Candid Conversations

Faces of Leadership: Shai Littlejohn

AboveBoard | Jan 25, 2022

The corporate lawyer on honest and authentic leadership.

We kicked off our Faces of Leadership series to bring the unique perspectives of today’s top executives to the center stage. This time, we’re highlighting Shai Littlejohnn, Director, Corporate Counsel Global Supply Chain, Innovation & Commercial for Starbucks.

In her current role, Shai—who earned her Juris Doctorate and Bachelor of Arts degree from Howard University—provides strategic legal advice for corporate initiatives and transactions involving food, beverage and equipment innovation, construction of new stores, roasting plants and distribution centers, external manufacturing, ethical sourcing, responsibility, and resiliency. Her daily work supports the company’s goal of being “People, Planet & Profit Positive."

Ahead, Shai shares her leadership style, the best career advice she’s ever received, and her prediction for the future of executive leadership.


How would you describe your leadership style in three words?

I would say my leadership style is honest, confident, and authentic. 

At this stage in your career, what does being a leader mean to you? 

Leadership to me means that you are working with a team where you give everyone an opportunity to contribute, and you delegate roles and responsibilities according to ability but you also try to nurture the ability of your team. 

“Leaders need to be honest. They need to be encouraging and motivational.”

It’s important to be able to recognize what people can do, and to listen to people about what they want to do, so that you can help them find a way to achieve their goals.

What are the kinds of qualities that make for good leadership, in your opinion?

Leaders need to be honest. They need to be encouraging and motivational, so they need to be able to give tough feedback in a very polite, inspirational, and motivational way. Leaders need to be able to set aspirational goals for their teams so that people have something to work towards. People need to feel that they are better working with you and growing while working with you.

And what does that look like going forward? What is your prediction for the future of executive leadership?

I think the future of executive leadership is going to require that managers, especially senior managers and executives, all understand that people are individuals. People don’t want to be treated unfairly. They want to be given opportunities that match their skill set, and they want to be respected.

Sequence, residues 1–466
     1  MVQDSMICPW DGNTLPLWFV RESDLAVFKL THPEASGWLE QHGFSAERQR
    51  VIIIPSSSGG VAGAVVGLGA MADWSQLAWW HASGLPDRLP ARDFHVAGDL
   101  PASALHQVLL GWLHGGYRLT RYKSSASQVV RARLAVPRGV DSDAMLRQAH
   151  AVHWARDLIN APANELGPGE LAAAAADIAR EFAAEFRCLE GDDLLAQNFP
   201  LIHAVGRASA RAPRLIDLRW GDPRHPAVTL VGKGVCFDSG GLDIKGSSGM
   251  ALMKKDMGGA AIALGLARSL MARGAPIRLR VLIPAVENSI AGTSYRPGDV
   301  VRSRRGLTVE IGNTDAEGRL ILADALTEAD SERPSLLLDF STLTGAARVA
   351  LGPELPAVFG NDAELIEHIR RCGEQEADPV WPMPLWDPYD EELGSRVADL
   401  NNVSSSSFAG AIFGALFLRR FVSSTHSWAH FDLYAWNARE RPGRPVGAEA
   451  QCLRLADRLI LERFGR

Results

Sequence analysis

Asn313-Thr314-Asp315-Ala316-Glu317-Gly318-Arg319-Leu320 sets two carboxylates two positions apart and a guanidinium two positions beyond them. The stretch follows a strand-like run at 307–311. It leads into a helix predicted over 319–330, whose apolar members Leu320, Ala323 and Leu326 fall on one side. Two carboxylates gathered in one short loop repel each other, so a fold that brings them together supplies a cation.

“The future of executive leadership is going to require that managers understand that people are individuals.”

I’ve certainly experienced situations, and been in offices where I didn’t feel like I was receiving assignments that matched my ability. The executives of the future are going to have a higher turnover because people are going to be less patient waiting for those opportunities. If you don’t recognize talent in them, they’re going to leave your organization.

What advice do you have for up and coming professionals, or people who aspire for senior leadership roles?

I had a difficult time finding leaders who would take an interest in my development and career progression regardless of how hard I worked for them and my organization. I received glowing recommendations post-project or position, but I never secured a mentor who was vested in my journey. My error was that I should’ve sought mentorship outside of my organization. I was working six or seven days a week, and I didn’t take the time to develop those external relationships. 

“It’s important to have a handle on your career, and not just be reactionary. Be assertive. Go out and get the experiences that you think will help further your career.”

So my advice is that all professionals need to be actively managing their careers. You can’t wait for an opportunity. You can’t always wait for someone to recognize how much you bring to the table. You have to find opportunities to deliver a little bit more, deliver a little bit beyond the expectation, and build a network, both within your company and outside your company so that you can always have opportunities. Sometimes people will come to you with those opportunities, but I think it’s important to have a handle on your career, and not just be reactionary to what comes to you, but to be assertive, to go out and get the experiences and positions that you think will help further your career. 

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